Chicken Stock Cooking Hints and Tips

Want to know chicken stock cooking hints and tips, here is the detail description step by step. Follow the instruction to make delicious chicken stock at home.

When buying chicken, look for pieces with flesh that looks light pink and moist and is free of blemishes and bruises.

Free-range and corn-fed chickens are available from specialty poultry shops and, while generally smaller and more expensive, tend to have a better flavor and texture than intensively farmed chickens.

Chicken stock cooking hints

Whole chicken are sold by a number which relates to their weight. For example, a No. 14 chicken weighs 1.5kg, and so on. As a general rule, a No. 15 chicken will serve 4 people.

Try to buy chicken last when you are out shopping to minimize the amount of time it is out of the refrigerator. If you are buying a frozen chicken, make sure it is frozen solid and tightly wrapped.

If it has even slightly defrosted, do not try to refreeze it as this can promote the growth of harmful bacteria. Continue to defrost it on a tray on the bottom shelf of the refrigeration where it cannot drip onto any other foods.

Thawed chicken should be cooked within 12 hours and must never be refrozen.

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1. whole chicken 2. Maryland 3. chicken wings 4. drumstick 5. lovely legs 6. chicken breast on the bone 7. chicken breast fillet 8. tenderloins 9. chicken thigh piece 10. skinless thigh cutlet 11. chicken thigh fillet 12. chicken mince

Fresh chicken should be taken out of its packaging, covered loosely with foil or plastic wrap and kept on a plate in the bottom of the refrigerator where it cannot drip onto any other food.

Fresh chicken should be used within 2 days, or, alternatively, frozen for up to 8-12 months. When freezing, be sure to expel all the air form the freezer bag before sealing.

DEFROSTING CHICKEN

  • 1 kg-13 hours
  • 1.5 kg-15 hours
  • 2 kg-17 hours
  • 2.5 kg-20 hours
  • 3 kg-24 hours
  • 3.5 kg-28 hours

Whole chickens should be defrosted in the refrigerator. Chicken pieces can be defrosted in the microwave (with the thickest portions to the outside of the plate), but don’t defrost whole chickens in the microwave, as they will defrost unevenly and some parts may start to cook while others remain frozen.

Never defrost chicken at room temperature and never thaw under running water. Bacteria such as salmonella can be activated if a defrosting chicken gets too warm. And it must be fully thawed before cooking begins. Of course, you can also buy pre-cooked barbecue or chargrilled chicken.

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Defrost chicken piece in the microwave with the thickest part on the outside.

Chicken Stock Cooking Hints

There is plenty of good-quality ready- made chicken stocks or stocks cubes available and chicken consommé can usually be used as a substitute. However, nothing really beats the flavor of a homemade stock.

Chicken bones can be bought from a butcher or chicken shop and the neck and giblets of roasting chickens can be added as well. You can also use chicken wings.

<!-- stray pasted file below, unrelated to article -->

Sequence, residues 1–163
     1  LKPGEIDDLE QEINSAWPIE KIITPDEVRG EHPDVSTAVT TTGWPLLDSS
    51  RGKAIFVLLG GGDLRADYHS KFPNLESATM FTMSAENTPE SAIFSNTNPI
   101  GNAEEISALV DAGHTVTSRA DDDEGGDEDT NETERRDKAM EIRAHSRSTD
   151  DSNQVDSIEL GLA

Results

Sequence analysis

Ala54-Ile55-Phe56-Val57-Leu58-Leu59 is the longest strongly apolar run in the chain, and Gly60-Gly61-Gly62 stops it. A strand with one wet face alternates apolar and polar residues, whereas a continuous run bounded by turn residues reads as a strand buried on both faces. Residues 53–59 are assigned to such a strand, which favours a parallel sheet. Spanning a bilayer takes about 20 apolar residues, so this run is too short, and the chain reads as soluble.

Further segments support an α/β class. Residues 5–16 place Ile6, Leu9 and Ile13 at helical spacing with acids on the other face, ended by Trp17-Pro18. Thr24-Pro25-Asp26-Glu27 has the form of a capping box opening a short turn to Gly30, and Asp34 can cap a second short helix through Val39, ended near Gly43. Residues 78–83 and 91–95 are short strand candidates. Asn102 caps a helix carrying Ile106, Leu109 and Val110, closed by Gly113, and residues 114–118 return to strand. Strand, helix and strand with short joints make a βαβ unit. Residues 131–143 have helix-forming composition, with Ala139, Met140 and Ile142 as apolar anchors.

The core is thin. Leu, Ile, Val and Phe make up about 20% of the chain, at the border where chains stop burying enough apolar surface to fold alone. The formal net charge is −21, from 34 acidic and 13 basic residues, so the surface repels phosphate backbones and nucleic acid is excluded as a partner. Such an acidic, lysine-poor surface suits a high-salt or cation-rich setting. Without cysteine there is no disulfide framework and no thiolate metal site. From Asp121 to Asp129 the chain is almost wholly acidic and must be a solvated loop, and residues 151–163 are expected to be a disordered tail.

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Skim any scum off the surface of the stock during the cooking process.

To make chicken stock, put 2 kg chicken bones or wings, 2 quartered unpeeled onions, 2 chopped unpeeled carrots, 2 chopped celery sticks including leaves and 3.5 liters of water in a large saucepan. Bring slowly to the boil.

Skim any scum off the surface as required and add 1 bouquet garni (a bay leaf and sprigs of parsley, thyme and marjoram tied together with string) and 12 black peppercorns. Reduce the heat and simmer gently for 3 hours, skimming the surface regularly.

Ladle the stock in batches into a fine sieve sitting over a bowl. Gently press the solids with the ladle to extract all the liquid. Let the stock cool, then refrigerate until cold and spoon off any fat from the top.

At this stage you can reduce the stock to concentrate its flavour (dilute before using) and store in the refrigerator for up to 2 days or in the freezer for up to 8-12 months. Makes 2.5 litres.

Chicken Stock Cooking Hints

Chicken Stock Cooking Hints: Remove the solids from the stock using a sieve placed over a bowl.

Time Savers

There are few things more irritating or wasteful than using a tablespoon of herbs or tomato paste in a recipe and having to throw the rest away unused.

If you only need a small amount, you can freeze the rest in small, convenient portions to be uses at a later date.

Freezing stockPut a freezer bag not a measuring jug and pour the stock into the bag to get 1 cup (250 ml) stock. Seal tightly and freeze.

Leftover herbsFinely chop any leftover herbs and wrap 1 tablespoon measurements in plastic wrap. Seal and freeze.

BreadcrumbsWhen a recipe asks for fresh breadcrumbs, make extra and put the leftovers in freezer bags. Make sure all the air is expelled and seal tightly. Label with a date and the quantity.

GingerFresh ginger can be kept wrapped in foil in the refrigerator or, for longer storage, cut into small pieces, wrapped tightly in plastic wrap and frozen.

Tomato pasteSpoon tomato paste into clean ice-cube trays and freeze. Once frozen, store in freezer bags for later use.

Fresh herbsHerbs such as chives, parsley, mint, basil and coriander grow very easily in the garden or in pots on the kitchen window sill. Simply pick them as you need them.

Chicken Stock Cooking Hints

Chicken stock cooking hints: Freeze tomato paste, stock and herbs in small, convention portions.

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